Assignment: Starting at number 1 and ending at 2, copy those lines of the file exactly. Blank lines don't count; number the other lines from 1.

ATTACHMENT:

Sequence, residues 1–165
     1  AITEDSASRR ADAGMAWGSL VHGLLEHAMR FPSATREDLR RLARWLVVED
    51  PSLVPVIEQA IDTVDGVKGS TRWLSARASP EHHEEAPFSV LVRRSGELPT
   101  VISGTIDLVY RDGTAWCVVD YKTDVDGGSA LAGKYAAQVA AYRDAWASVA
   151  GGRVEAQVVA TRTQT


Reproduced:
Sequence, residues 1–165
     1  AITEDSASRR ADAGMAWGSL VHGLLEHAMR FPSATREDLR RLARWLVVED